North Korea Can Now Launch Lethal, More Accurate Missiles: US Intelligence

Posted July 16, 2017

North Korea's ruthless dictator is sending tens of thousands of his own impoverished people to Russian Federation to earn money for his regime, according to Fox News.

The test sparked global alarm as it suggested North Korea now possessed an ICBM capable of reaching Alaska, a major milestone for the reclusive, nuclear-armed state. North Korea's ballistic missiles, even without nuclear warheads, pose a distinct threat to South Korea and the entire region. Like all Americans, I am deeply concerned by this development.

After the G20, Secretary of State Rex Tillerson said the U.S.is working to convince Russian Federation to cut off economic ties with North Korea. He then says, the most likely ultimate outcome by far is acquiescence.

Haneul Na'avi, contributing writer on political economy and geopolitics for The Duran, and Edwin Chen, Activist focusing on the Asian Holocaust of World War II commented on the issue.

China, North Korea's most important economic partner, has been increasing restrictions against North Korean activity in the country. The best that the United States can do now is to accept North Korea's nuclear state status, have a direct talk with Pyongyang, and freeze the nuclear genie that is already out of the bottle. The United States' greatest strength (our overwhelming military superiority to North Korea) is also our greatest weakness in dealing with the North Korean problem. Despite our efforts at diplomacy, sanctions, military exercises and other methods to thwart North Korea's nuclear ambitions, it has continued to make progress towards achieving its goal to become a nuclear power. It also seeks to blacklist the top 10 Chinese importers of North Korean items.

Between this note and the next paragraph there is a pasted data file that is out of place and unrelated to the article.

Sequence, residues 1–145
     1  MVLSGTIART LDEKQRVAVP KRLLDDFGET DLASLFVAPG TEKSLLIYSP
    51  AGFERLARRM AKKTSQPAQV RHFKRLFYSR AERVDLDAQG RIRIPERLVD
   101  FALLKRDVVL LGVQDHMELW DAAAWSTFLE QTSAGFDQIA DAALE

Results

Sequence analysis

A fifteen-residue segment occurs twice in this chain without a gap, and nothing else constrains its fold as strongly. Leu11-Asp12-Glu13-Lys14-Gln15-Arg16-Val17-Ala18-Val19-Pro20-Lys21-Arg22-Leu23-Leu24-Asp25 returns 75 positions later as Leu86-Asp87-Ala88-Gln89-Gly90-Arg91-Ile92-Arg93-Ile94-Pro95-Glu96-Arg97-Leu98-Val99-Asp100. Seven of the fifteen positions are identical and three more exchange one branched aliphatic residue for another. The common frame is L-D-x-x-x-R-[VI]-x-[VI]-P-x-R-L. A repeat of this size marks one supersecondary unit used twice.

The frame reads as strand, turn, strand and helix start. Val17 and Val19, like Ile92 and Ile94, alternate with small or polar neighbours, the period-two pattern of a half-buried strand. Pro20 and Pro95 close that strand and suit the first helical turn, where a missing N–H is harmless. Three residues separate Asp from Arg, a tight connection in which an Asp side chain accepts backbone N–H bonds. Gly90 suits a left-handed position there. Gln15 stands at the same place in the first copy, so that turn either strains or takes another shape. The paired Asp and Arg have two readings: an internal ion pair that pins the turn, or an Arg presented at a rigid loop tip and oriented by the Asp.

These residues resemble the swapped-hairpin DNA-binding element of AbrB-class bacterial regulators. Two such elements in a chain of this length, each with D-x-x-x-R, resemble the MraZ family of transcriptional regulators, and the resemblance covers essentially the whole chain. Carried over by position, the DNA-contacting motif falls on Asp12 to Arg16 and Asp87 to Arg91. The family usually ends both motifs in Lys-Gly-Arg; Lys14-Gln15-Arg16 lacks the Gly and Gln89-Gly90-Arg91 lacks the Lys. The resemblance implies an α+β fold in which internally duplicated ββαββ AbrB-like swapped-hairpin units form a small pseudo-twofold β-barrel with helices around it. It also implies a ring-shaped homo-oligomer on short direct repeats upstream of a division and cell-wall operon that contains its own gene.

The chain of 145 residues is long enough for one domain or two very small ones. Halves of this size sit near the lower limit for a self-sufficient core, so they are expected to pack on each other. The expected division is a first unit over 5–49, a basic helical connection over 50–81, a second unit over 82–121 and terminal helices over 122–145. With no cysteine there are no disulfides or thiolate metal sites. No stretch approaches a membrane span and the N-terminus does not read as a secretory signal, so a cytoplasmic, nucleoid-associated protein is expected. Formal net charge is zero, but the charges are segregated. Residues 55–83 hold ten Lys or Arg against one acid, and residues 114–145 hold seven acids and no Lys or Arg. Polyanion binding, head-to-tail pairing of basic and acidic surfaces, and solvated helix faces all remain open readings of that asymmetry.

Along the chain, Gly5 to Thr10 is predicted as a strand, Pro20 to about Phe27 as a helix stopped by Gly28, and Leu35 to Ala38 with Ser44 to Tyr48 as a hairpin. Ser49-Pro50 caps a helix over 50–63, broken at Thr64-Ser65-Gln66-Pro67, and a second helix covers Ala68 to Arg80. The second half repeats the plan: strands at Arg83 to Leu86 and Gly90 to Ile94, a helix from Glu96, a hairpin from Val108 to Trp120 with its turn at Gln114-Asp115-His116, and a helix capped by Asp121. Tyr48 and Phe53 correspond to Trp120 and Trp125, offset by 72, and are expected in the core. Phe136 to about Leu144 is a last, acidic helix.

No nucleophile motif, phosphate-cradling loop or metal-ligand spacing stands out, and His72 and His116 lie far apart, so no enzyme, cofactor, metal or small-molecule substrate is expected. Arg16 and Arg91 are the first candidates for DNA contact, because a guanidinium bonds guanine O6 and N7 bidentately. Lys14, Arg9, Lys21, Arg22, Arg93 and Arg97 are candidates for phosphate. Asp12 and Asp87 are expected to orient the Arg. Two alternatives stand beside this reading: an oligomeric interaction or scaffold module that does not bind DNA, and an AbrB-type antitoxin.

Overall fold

For decades, U.S. policy has been predicated on the idea that the North Korean regime is about to collapse.

The impoverished, isolated country has staged five nuclear tests - including two previous year - and has made a significant progress in its missile capability under Kim, who took power in 2011. Trump said unless China exerts its pressure on North Korea, the US will have to take unilateral action. The worst case scenario, however, would be one in which North Korea retaliates against USA forces in the region, and probably against civilians in South Korea and Japan.

Not striking falls in line with Secretary of State Rex Tillerson's desire "to bring Kim Jong Un to his senses, not his knees".

The Chinese customs department released figures showing a 29 percent spike in Chinese exports to North Korea. Or we might let the Chinese know that we might just encourage and aid the Japanese in acquiring a nuclear weapons capability as the price of failing to take effective action to defuse this threat now.